What is “Phishing”?
Phishing is the catch-all term used to describe a number of activities performed by bad actors to obtain sensitive information. This might include usernames and passwords or banking information. With this sensitive information, the attackers are able to log in to systems, change banking information, or other malicious activities. These malicious actions can cost organizations both time and money.
Let’s look at the 3 main types of phishing attacks.
This term describes emails sent to a large number of recipients. Think of it like going fishing. You toss your baited lure into the water and wait for the first hungry fish. Like fishing, you don’t know what that fish looks like until you have them hooked. The email message will often include the recipient’s name, but not always. The message may appear similar to those you would expect to receive from Microsoft, Apple, or Google. It might also look to be from shipping services like FedEx, UPS, or your national postal service.
While phishing emails contain very generic messages, spear phishing is much more targeted. If phishing is like casting a baited hook into the water and waiting, spear phishing is exactly as it sounds – targeting one or a much more limited group of people, also known as the “phish”.
In our fishing example, you would know the type of fish you are going after and invest much more time and effort to land your prize. These email messages are much more personalized. They may use information that is publicly available, such as social media posts, or other information from previous breaches. The message will appear very believable and may even exactly match the signature and language style of whoever they are impersonating. It is common for these attacks to impersonate a C-level executive and target an employee in a financial role with the ability to update banking information, or transfer funds, but they may target anyone in any role.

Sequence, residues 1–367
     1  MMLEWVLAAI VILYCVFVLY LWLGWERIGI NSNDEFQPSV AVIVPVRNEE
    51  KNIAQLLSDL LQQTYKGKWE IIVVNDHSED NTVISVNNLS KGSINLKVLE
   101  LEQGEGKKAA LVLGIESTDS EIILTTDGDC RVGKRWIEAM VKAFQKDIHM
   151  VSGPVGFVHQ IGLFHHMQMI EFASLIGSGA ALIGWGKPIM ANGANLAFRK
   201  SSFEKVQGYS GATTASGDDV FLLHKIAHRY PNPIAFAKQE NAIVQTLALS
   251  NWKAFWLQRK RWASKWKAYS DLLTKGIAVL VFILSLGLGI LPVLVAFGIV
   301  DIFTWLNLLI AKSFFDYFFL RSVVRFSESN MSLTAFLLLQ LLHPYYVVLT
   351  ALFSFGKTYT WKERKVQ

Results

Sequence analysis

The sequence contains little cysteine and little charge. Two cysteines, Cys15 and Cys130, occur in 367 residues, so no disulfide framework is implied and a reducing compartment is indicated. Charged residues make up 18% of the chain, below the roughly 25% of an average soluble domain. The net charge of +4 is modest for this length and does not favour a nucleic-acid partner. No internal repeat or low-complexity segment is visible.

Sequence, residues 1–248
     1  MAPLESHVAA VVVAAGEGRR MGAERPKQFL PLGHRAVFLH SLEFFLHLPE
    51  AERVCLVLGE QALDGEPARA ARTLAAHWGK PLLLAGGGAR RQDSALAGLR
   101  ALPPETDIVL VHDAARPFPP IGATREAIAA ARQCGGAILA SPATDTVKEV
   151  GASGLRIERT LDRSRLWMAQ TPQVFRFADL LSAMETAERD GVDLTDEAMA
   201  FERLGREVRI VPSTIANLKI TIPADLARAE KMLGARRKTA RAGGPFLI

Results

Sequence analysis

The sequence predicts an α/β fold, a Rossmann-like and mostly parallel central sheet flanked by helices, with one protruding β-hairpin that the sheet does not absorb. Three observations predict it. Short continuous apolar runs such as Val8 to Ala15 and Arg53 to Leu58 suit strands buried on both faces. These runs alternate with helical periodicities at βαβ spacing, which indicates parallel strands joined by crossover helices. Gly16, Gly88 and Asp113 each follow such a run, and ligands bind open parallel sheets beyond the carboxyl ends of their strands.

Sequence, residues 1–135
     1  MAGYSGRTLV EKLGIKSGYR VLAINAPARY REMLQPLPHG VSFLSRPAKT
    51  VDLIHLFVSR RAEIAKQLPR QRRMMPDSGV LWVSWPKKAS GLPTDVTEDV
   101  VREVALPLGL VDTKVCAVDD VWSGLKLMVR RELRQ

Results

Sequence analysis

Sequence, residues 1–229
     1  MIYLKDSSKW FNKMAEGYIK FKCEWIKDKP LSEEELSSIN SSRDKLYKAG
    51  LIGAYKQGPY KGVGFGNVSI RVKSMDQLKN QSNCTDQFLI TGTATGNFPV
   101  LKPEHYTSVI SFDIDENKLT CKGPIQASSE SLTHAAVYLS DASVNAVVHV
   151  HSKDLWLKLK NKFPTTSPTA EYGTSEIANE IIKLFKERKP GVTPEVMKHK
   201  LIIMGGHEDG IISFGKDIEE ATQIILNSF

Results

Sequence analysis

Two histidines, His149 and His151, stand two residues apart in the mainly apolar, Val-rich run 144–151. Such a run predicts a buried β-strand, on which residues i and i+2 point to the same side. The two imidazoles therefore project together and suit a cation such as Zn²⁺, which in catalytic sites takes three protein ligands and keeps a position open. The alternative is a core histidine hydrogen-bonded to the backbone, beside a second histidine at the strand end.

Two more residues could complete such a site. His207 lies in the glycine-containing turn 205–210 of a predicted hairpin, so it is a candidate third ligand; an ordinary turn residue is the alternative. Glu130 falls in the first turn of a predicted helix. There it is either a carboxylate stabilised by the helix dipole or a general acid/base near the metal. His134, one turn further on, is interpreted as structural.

Let’s begin with a definition – a whale is a big fish (well, technically they’re mammals). Consider the effort that would go into landing a whale, the bigger, the better. In phishing attacks, a whale is someone at the top of an organization, with the sort of access to resources that could net the attacker a big payday. An attacker will spend tremendous amounts of energy to target a whale, gathering information from all sources available, and may be very patient. These messages will be incredibly tailored to the receiving individual and may only be sent to one person in an organization.
What do these 3 types of phishing have in common? Typically, these emails will contain some sort of lure, to get you to click a link, but they may simply ask for a reply with information. Not all phishing emails will contain a link or ask you to reply. Some will have attachments that when opened, may trigger an infection or impersonate a website you know to trick you into entering your information.
How does this affect me?
Passwords are not the only information that is valuable – you may be asked to enter personal information, which an attacker could use to impersonate you, obtain credit under your name, or take over accounts by sufficiently answering the typical security questions that are used to verify your identity. The key with most phishing emails and their related scams is instilling a sense of urgency – you must take action or miss an opportunity; or, on the darker side, you will experience a negative consequence of not taking the action the bad guys desire.
How do you defend against these types of attacks? Email and web filtering solutions may help reduce the volume of these emails that find their way into an inbox, but at the end of the day, a robust security awareness program can give your employees the skills to recognize and appropriately respond to these types of attacks.
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